Trump was impeached by the U.S. House, but not convicted by the Senate, after he encouraged his supporters to protest at the Capitol as Congress was certifying votes. Ultimately, at least five people died during or shortly after the storming of the Capitol and federal authorities and Congress are continuing to investigate the rioters and the events of the day.

But Fry said he felt the impeachment process was too fast and that Trump wasn’t given “due process” to properly defend himself against the accusations that he had incited the mob.

“The speed at which Congress brought forth the Articles of Impeachment and passed them was incredibly reckless and damaging to the American people and to the faith in the system,” Fry said.

For his vote to impeach, Rice said he did it only after learning more about what the former president was doing throughout the day on Jan. 6 and how he had criticized former Vice President Mike Pence, making him a target of the rioters. Rice said he felt Trump violated the Constitution that day. Fry disagreed.

“Even presidents are afforded due process, and President Trump was never afforded that process,” Fry said.

Still, despite Fry’s questioning of the 2020 election, he said it’s important voters have faith in the electoral system. He said it’s a person’s duty to vote and lawmakers’ job to “perfect” their election laws.

“People need to go and vote. I mean, that’s ... our obligation as a nation to vote,” he said. “I think it’s also important, too, that states look at and always perfect their laws.”

Support for I-73

Despite his criticism of Rice’s vote to impeach Trump, Fry told reporters he would protect one of Rice’s key projects: Interstate 73.

Rice has pushed for the interstate — the southern leg of which would connect Interstate 95 to Highway 22 near Conway — throughout his decade in office. Rice said he’s currently working to secure federal funds for the project, through both the infrastructure package and the American Rescue Plan, which passed earlier this year. He’s said the project is necessary to bring new jobs and industries to the region, and to give residents another way out during major storms.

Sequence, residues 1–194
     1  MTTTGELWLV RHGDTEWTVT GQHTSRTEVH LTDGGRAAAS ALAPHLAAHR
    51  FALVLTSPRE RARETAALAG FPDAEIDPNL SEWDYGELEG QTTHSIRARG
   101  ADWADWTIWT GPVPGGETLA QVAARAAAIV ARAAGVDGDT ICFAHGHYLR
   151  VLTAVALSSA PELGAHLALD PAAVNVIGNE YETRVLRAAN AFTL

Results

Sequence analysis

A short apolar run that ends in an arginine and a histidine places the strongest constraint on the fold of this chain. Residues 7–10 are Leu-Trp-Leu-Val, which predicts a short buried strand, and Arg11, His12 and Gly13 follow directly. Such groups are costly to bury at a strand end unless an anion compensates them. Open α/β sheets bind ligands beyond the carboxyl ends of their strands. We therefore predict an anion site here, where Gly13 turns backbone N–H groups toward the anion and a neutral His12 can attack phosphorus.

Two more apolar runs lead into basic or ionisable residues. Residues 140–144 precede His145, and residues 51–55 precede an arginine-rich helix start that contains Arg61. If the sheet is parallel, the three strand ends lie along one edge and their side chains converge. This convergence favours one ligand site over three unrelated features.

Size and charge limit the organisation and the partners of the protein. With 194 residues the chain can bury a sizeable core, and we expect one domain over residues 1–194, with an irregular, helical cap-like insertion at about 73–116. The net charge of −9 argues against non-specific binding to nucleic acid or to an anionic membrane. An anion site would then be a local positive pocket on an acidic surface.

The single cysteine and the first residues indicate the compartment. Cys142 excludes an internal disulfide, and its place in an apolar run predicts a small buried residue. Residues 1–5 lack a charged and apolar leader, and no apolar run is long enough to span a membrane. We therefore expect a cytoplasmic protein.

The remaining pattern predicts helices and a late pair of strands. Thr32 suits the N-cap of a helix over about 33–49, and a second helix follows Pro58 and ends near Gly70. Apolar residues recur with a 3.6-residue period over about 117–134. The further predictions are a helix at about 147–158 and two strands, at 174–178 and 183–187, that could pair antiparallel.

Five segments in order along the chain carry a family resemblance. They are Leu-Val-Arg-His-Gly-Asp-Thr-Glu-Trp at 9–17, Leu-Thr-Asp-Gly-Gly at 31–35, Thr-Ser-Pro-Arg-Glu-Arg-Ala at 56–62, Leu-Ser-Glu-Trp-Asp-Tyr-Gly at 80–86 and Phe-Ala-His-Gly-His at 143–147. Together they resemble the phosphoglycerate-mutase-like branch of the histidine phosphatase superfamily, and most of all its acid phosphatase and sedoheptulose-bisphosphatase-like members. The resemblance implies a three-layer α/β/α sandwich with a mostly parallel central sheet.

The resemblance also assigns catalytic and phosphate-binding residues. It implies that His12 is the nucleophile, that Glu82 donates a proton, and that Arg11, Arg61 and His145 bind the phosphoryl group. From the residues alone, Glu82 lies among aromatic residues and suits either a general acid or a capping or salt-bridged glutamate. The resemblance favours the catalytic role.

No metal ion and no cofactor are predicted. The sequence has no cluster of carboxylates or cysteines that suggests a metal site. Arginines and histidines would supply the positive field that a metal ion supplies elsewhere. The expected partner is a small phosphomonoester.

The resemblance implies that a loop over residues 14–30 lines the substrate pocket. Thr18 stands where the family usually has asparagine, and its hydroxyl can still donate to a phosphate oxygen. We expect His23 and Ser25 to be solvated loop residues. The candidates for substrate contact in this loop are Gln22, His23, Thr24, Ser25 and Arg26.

Fry agreed.

“I think it’s a meritorious project for both the Grand Strand and the Pee Dee,” he said.

Asked how he might win the support of area conservatives who support Trump but not the interstate project, Fry cited Trump’s support for I-73.

“I stand with President Trump in supporting I-73. He said that he was a supporter of it. I’ve been a supporter of it,” Fry said.

If elected, Fry said he would continue Rice’s work on the project, working to pull together federal, state and local resources.

“Being the advocate for that project in Washington is important, as well as working with your state and local partners,” he said.

And, like Rice, Fry said he supports the project because it will help boost the region’s economy and keep residents safer.

“I think it’s a meritorious project for families in and around here,” he said. “It is a public safety issue. It is a a jobs and economy issue. It’s a connectivity issue. There are a lot of benefits that come from interstate access that would that would be great not only for the Grand Strand, but the entire Pee Dee region.”

Local priorities

Like Rice, Fry said he would work to combat the effects of flooding in the district and work to grow the economy. He praised the Dillon Inland Port — which Rice had a hand in establishing — as a quality project that could attract jobs.

To combat flooding, Fry said he would consider supporting a diversion canal to improve stormwater flow, and would support raising low-lying roads and dredging rivers and canals.

Fry also said he’d work to loosen regulations on businesses so that companies could more easily locate in the eastern corner of South Carolina and hire residents to work quality jobs.

“In many ways, both state and federal regulatory environments really need to be robust in promoting this area,” he said. “Because we do have a lot to offer.”